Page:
Take some interesting science statistics. Mix in a well-known company such as Google. Stir well. And you have a bunch of malarkey about how searching the Web is killing the planet.
I suppose thereâ€™s nothing else to worry about on the weekend (Techmeme).
First up, the Times of London â€œreveals the environmental impact of Google searches.â€
Performing two Google searches from a desktop computer can generate about the same amount of carbon dioxide as boiling a kettle for a cup of tea, according to new research.
While millions of people tap into Google without considering the environment, a typical search generates about 7g of CO2 Boiling a kettle generates about 15g. â€œGoogle operates huge data centres around the world that consume a great deal of power,â€ said Alex Wissner-Gross, a Harvard University physicist whose research on the environmental impact of computing is due out soon. â€œA Google search has a definite environmental impact.â€
Google is secretive about its energy consumption and carbon footprint. It also refuses to divulge the locations of its data centres. However, with more than 200m internet searches estimated globally daily, the electricity consumption and greenhouse gas emissions caused by computers and the internet is provoking concern.
Umm. OK. The solution here is clear. Letâ€™s shut down the Internet. Clearly, the Web is overheating the globe. Weâ€™re dead. And itâ€™s because you dorks are using Google too much. You should also recycle that PC pronto and go off grid. While weâ€™re at itâ€“letâ€™s get rid of all the cows that are farting so much they are elevating CO2 too. And donâ€™t even get me started on your penchant for breathing.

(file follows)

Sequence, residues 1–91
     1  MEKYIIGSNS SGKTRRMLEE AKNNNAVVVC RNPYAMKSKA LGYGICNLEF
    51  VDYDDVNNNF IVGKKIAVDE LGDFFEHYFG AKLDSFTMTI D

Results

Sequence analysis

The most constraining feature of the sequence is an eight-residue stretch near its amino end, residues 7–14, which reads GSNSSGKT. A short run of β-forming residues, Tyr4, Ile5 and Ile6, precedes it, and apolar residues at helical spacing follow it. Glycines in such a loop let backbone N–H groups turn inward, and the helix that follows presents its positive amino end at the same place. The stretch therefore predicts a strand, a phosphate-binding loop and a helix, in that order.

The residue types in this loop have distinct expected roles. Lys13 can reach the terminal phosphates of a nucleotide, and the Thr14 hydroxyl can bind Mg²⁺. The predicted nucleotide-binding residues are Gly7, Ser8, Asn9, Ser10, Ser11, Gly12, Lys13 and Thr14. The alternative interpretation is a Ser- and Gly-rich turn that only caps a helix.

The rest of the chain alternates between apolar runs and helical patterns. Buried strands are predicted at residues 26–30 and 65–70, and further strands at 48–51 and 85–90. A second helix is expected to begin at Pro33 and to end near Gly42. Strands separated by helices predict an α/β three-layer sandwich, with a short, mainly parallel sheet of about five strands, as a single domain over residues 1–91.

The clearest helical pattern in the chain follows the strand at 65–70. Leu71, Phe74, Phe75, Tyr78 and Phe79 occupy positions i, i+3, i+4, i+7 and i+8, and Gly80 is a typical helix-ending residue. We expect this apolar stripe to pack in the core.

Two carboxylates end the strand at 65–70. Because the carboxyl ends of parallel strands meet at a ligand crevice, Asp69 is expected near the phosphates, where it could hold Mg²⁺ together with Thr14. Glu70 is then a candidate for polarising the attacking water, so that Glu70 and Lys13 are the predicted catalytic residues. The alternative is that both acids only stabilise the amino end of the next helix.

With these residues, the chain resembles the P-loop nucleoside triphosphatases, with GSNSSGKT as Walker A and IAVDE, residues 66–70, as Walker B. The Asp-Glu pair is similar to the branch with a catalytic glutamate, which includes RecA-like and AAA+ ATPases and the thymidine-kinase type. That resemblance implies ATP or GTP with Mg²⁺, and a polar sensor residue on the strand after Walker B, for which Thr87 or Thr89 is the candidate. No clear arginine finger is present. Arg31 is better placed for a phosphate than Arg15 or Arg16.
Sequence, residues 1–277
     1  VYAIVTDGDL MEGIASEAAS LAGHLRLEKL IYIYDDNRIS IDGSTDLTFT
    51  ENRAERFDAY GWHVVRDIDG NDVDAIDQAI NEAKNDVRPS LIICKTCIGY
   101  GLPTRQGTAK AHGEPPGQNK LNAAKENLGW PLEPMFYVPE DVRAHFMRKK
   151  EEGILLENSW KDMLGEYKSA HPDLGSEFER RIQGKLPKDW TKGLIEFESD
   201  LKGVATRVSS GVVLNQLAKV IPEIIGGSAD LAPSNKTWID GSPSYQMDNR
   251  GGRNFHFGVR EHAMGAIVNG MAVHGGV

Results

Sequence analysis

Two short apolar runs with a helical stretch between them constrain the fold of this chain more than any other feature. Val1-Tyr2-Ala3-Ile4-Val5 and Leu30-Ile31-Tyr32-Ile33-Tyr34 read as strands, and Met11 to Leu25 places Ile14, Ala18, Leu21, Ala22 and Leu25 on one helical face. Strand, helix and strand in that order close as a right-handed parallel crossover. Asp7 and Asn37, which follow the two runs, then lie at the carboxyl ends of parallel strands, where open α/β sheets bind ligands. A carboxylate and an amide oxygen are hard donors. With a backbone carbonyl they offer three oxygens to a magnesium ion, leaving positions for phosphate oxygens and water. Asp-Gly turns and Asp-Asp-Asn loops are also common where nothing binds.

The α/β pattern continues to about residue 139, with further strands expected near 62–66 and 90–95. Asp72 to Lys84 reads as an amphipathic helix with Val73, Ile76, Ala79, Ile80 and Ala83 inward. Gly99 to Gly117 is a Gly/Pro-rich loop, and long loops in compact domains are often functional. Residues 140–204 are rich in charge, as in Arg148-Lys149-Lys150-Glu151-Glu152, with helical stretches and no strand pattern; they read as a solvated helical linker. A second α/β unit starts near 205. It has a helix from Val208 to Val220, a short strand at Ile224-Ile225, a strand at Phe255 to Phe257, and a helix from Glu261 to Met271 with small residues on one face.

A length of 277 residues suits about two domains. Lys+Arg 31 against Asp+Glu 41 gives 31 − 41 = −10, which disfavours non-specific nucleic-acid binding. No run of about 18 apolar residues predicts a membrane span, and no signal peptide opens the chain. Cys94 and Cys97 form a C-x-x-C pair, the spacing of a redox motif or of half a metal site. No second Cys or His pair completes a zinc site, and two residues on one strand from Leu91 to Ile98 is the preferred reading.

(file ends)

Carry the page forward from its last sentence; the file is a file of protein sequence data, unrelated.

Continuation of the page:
Needless to say this CO2 issue is a big worry to Google. After all, itâ€™s trying to find an alternative energy source cheaper than coal so it can cut data centers exponentially (oops forgot, save the world).
In fact, in the time it takes to do a Google search, your own personal computer will use more energy than Google uses to answer your query.
Recently, though, others have used much higher estimates, claiming that a typical search uses â€œhalf the energy as boiling a kettle of waterâ€ and produces 7 grams of CO2. We thought it would be helpful to explain why this number is *many* times too high. Google is fast â€” a typical search returns results in less than 0.2 seconds. Queries vary in degree of difficulty, but for the average query, the servers it touches each work on it for just a few thousandths of a second. Together with other work performed before your search even starts (such as building the search index) this amounts to 0.0003 kWh of energy per search, or 1 kJ. For comparison, the average adult needs about 8000 kJ a day of energy from food, so a Google search uses just about the same amount of energy that your body burns in ten seconds.
In terms of greenhouse gases, one Google search is equivalent to about 0.2 grams of CO2. The current EU standard for tailpipe emissions calls for 140 grams of CO2 per kilometer driven, but most cars donâ€™t reach that level yet. Thus, the average car driven for one kilometer (0.6 miles for those of in the U.S.) produces as many greenhouse gases as a thousand Google searches.
Techcrunch gives us some realistic comparisons, and a suggestion that will both save the environment, and make you healthy â€” eat less cheeseburgers. Saying that Google is pumping an unreasonable amount of CO2 into the air is simply rediculous â€” considering Google does everything it can to make themselves as energy efficient as possible. This includes covering their headquarters in solar panels, and building data centers that take advantage of hydroelectricity.
So there you have it. Googling isnâ€™t going to kill the planetâ€“yet. Driving will. Your PC will. In fact, so will nearly everything else you do in your daily life.